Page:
Last summer, for example, some of the more bullish market commentators were calling for the first hike of UK rates since 2009 to come in November. With this in mind, a recent note by HSBC calling into question the longevity of the dollar bull market made for particularly interesting reading – especially in light of last week’s slump in the currency.
In a note out last week, the firm’s global research team said it believes the dollar rally is “coming to an end”.
Despite a market that “appears determined to envisage ever greater upside for the currency,” it points out, “The USD has already rallied more than is typical historically, and many of the arguments currently being used to justify an extension are likely already in the price.”
While admitting that there remains scope for a final spike higher, the firm believes it is time to start looking the other way, forecasting the EUR-USD rate will be 1.10 by year-end 2016, compared to 1.05 previously. It expects the rate will move to 1.20 during 2017.
“Clearly there are events such as EUR break-up or JPY debasement which could lead to destructive dollar strength. But these are very much tail risks and we believe it would be a mistake to be drawn into the forecasting fashion of relentless dollar dominance.”
As justification for this view, HSBC points to a number of factors. First among them is history. Excluding the “mega-rallies of the early 1980s and mid-1990s,” it writes, “the average dollar rally has been roughly 20% based on the DXY index, and has lasted just under a year.”
This is in sharp contrast to the current move, which has seen the dollar rise over 25% since June last year alone.
The second point made is that the continued course of monetary divergence is, in its view, already in the price.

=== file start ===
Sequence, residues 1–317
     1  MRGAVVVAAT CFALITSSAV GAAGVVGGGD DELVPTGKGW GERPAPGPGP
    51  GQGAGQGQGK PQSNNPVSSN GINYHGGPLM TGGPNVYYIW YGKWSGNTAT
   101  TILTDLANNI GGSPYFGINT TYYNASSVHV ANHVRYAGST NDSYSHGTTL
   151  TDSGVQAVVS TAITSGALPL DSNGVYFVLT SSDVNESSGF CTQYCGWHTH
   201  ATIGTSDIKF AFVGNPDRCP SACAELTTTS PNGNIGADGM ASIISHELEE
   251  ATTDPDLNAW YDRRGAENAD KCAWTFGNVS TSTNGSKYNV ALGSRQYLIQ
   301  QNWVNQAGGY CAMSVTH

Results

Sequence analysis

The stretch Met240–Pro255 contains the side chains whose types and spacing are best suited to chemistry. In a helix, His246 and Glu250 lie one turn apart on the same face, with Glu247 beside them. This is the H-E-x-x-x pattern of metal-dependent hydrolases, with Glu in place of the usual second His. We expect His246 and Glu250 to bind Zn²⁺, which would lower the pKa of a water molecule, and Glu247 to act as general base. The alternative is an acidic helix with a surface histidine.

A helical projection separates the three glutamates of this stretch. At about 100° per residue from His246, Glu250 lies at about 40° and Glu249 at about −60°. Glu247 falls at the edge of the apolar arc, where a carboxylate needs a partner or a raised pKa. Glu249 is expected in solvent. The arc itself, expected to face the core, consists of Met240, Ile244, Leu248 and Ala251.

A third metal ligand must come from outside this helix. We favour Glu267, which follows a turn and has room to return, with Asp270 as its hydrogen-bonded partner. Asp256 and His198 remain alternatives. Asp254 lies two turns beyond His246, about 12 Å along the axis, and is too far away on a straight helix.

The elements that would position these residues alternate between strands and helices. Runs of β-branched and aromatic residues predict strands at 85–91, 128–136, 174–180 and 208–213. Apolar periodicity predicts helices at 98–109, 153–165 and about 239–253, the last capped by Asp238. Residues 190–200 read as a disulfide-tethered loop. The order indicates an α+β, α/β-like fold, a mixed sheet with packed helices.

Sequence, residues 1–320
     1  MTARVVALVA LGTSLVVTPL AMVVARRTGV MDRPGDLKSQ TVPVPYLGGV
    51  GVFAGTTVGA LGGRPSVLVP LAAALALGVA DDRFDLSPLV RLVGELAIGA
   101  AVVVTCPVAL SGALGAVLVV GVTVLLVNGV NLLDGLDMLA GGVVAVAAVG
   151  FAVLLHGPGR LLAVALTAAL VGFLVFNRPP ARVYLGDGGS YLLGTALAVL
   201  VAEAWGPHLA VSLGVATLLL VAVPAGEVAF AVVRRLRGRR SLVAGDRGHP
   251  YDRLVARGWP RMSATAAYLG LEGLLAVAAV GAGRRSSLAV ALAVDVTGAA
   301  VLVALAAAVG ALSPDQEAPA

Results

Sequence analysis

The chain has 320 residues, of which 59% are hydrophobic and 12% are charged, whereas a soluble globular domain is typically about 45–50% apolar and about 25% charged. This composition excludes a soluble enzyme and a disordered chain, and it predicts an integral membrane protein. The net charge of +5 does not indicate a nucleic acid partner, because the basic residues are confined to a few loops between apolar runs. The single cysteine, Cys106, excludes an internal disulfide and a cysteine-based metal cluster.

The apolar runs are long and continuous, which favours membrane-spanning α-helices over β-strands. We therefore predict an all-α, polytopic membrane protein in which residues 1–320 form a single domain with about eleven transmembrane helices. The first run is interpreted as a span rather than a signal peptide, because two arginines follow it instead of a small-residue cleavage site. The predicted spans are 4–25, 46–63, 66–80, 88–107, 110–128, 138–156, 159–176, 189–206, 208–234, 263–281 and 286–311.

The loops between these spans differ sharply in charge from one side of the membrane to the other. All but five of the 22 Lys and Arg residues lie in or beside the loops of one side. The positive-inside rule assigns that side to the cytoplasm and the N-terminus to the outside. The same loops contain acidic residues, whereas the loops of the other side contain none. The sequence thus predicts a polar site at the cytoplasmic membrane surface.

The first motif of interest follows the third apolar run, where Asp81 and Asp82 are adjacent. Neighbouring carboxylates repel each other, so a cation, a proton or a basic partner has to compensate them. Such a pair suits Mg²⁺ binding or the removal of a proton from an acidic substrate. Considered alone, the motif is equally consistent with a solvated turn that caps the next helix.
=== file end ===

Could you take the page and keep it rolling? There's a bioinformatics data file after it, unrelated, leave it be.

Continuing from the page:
“There may be a debate over the timing of the first Fed hike, but the market generally accepts that it will happen this year, and that rates will move up only slowly thereafter… The drama offered by policy divergence has already run its course. The dollar rally will stall as the market demands “tell me something I don’t know” the bank writes.
Third point made by the bank is that, while the US economy may outpace others in G10, “the disappointing data on activity are mounting and are being ignored.”
It added: “US inflation remains shy of target. Policymaker tolerance for strength will not be limitless. At the same time, the Eurozone economy is beginning to deliver frequent upside surprises on activity, also being ignored by the FX markets. The recalibration of growth expectations could become euro positive. In addition, valuations show the USD is nearly the world’s most overvalued currency, outdone only by the swiss franc.”
However, the bank does point to a set of circumstances under which the dollar could continue to strengthen, but were they to occur, they would point to a” destructive dollar surge rather than the generally benevolent one we have seen so far.”
Were Japan’s policymakers to lose control, or the eurozone to break up or were there an emerging market currency crisis, the dollar would strengthen, but these should be considered tail risks rather than reasons to remain positioned for dollar strength.
Roger Hallem currency chief investment officer within JP Morgan’s global fixed income group is in the opposite camp, but told Portfolio Adviser that last week’s data shouldn’t be dismissed.
“One could see a slowdown in the rate of appreciation,” he said, “We believe we are seeing a soft patch in the data, but we are still broadly optimistic that final domestic demand should remain largely robust and that the Fed remains on track to hike rates in September.”
He added: “The take away from last week’s data, and the reaction to it is, we really are now completely data dependent.”
Natixis agrees, pointing out in a note: “From now on, everything will depend on the next macroeconomic indicators.
“So far this year, they have been rather disappointing, but growth is expected to remain solid at around 2.9% in 2015. In particular, the labour market is still very upbeat,” it said.
But, it added: “Bearing in mind the central bank has lowered its unemployment rate projection to 5.0%-5.2% (a level that would be expected to generate wage growth), a more significant decline in the unemployment rate from 5.5% currently would heighten expectations of an interest rate cut, although obviously the Federal Reserve is seeking to keep a lid on market expectations.”
Nick Sketch, senior investment director at Investec Wealth and Investment also does not expect the dollar consensus to be proved wrong this year, but agrees that such an event cannot be ruled out.
“If it happens, a lot of us could be holding UK stocks that suffer, and the implications for what must have gone right outside the US means that investors will, at the very least, want to ensure that some of their investments are outside the bucket labelled ‘strong-dollar-beneficiaries’.”